In Prison In Toledo
The goods of God, which are beyond all measure, can only be contained in an empty and solitary heart. St. John of the Cross
I am thinking of St. John of the Cross, one of the greatest of Christian mystics, alone in prison in Toledo, Spain in 1578, unjustly condemned. He is weak from illness, hungry, suffering from frostbite. His cell, about nine feet by five, had previously been a lavatory for an adjoining guest room and has only a tiny hole, high up in the wall, to give light. His bed is a board on the floor with two old blankets. Clothed only in the tunic of his habit and with only his breviary to read, he is feeling profoundly alone. He knows not how long he will be incarcerated. Perhaps he will die there. I imagine him visited by the demons of hopelessness and despair, of anger and hurt. Another dark night of his soul. Living mostly on only bread and water, subjected to public lashings, for the first six months he hasn’t been allowed to wash or change his clothes.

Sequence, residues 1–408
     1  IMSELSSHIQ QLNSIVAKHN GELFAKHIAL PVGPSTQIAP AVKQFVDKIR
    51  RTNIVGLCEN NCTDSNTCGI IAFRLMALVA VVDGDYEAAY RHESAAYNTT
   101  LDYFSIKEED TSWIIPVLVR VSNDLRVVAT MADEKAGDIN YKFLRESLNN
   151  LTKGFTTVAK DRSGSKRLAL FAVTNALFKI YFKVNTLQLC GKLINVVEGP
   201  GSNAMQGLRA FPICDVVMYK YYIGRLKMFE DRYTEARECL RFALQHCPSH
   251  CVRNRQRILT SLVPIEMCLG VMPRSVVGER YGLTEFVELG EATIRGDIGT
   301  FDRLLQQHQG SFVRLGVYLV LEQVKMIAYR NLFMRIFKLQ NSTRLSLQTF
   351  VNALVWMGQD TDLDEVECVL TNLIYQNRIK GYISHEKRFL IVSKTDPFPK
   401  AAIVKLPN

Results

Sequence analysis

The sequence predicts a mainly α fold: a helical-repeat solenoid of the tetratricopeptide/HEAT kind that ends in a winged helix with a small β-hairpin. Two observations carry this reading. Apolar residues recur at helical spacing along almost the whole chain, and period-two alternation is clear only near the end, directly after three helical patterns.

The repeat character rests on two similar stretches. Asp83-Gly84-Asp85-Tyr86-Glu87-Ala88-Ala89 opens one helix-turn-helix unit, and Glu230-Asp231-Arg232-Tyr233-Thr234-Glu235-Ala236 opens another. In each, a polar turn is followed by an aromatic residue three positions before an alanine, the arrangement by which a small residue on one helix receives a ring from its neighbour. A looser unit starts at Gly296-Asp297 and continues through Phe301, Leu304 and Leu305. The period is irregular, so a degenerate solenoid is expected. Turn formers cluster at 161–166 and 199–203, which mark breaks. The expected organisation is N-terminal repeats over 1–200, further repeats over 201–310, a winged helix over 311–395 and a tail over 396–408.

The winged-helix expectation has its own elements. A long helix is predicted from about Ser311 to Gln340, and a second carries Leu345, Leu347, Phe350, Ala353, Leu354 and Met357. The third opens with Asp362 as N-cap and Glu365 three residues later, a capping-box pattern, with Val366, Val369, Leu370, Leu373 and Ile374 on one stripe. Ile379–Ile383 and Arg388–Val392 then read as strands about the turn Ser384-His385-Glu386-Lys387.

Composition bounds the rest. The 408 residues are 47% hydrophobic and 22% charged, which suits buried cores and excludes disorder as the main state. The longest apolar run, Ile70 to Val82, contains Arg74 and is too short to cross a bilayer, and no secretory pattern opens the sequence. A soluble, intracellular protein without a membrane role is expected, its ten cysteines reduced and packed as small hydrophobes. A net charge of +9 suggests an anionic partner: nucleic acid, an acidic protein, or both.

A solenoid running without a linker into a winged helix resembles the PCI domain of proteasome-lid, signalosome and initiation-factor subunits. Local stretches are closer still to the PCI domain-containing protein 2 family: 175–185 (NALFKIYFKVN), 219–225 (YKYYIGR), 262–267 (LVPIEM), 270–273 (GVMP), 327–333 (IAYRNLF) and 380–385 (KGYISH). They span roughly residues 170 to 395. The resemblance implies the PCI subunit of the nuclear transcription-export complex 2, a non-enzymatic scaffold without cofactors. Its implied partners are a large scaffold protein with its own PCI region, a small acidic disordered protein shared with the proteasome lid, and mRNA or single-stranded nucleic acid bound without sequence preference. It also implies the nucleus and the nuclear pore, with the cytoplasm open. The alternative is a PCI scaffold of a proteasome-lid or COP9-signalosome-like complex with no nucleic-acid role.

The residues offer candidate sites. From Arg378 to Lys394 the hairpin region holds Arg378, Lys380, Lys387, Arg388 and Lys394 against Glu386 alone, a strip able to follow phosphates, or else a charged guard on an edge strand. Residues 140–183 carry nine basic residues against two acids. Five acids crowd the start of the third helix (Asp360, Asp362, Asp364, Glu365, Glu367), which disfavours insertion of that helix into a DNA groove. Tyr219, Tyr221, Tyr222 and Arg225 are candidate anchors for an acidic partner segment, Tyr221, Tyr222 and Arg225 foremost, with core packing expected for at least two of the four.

Most of us have not been in such dire circumstances, but perhaps we can imagine his condition.
Yet St. John of the Cross, embracing his aloneness, facing his abandonment by the world, stumbled yet again upon God. God who is nothing, God who is No-thing, God who is totally Other yet more ourselves than our blood – this Mystery he discovers again, now, alive within the very centre of his soul. Stripped of everything he finds that, wonder upon wonder, he is not stripped of God. Emptied of all he had come to rely on, deprived of contact with his friends, he again finds his cup overflowing. These prison walls do not contain him. This moment is a gift from God, a blessing from his innermost nature. Being here is being in just the right place for now. Gratitude flows.
During this period of imprisonment St. John of the Cross wrote some of the greatest lyric stanzas in Spanish literature, among them a major portion of The Spiritual Canticle
What happened next? In August of 1578 St. John of the Cross made a dramatic escape from the prison.
He went on to write The Dark Night of the Soul
and The Ascent of Mount Carmel
I don’t think we really value our Source until we discover how desperately in need we are of our Source and Centre and Resource. (Interview with Douglas Harding, His Life and Philosophy
Please send your comments to Richard
What a 'mind-expanding' reflection. Thank you very much. Ermelinda.